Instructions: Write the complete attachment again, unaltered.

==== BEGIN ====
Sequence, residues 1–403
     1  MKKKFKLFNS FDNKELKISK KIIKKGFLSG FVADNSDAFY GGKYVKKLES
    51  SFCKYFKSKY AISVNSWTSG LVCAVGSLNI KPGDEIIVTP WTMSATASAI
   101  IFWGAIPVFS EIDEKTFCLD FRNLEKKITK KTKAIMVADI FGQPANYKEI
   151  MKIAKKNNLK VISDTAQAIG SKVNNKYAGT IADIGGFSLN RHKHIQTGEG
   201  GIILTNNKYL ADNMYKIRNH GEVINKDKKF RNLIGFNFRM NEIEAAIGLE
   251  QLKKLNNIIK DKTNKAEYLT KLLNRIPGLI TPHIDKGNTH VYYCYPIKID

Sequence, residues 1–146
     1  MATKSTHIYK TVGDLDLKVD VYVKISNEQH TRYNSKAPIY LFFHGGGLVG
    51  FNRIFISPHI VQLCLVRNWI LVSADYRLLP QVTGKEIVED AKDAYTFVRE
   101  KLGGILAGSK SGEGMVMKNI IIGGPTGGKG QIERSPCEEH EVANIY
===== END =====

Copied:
Sequence, residues 1–403
     1  MKKKFKLFNS FDNKELKISK KIIKKGFLSG FVADNSDAFY GGKYVKKLES
    51  SFCKYFKSKY AISVNSWTSG LVCAVGSLNI KPGDEIIVTP WTMSATASAI
   101  IFWGAIPVFS EIDEKTFCLD FRNLEKKITK KTKAIMVADI FGQPANYKEI
   151  MKIAKKNNLK VISDTAQAIG SKVNNKYAGT IADIGGFSLN RHKHIQTGEG
   201  GIILTNNKYL ADNMYKIRNH GEVINKDKKF RNLIGFNFRM NEIEAAIGLE
   251  QLKKLNNIIK DKTNKAEYLT KLLNRIPGLI TPHIDKGNTH VYYCYPIKID

Sequence, residues 1–146
     1  MATKSTHIYK TVGDLDLKVD VYVKISNEQH TRYNSKAPIY LFFHGGGLVG
    51  FNRIFISPHI VQLCLVRNWI LVSADYRLLP QVTGKEIVED AKDAYTFVRE
   101  KLGGILAGSK SGEGMVMKNI IIGGPTGGKG QIERSPCEEH EVANIY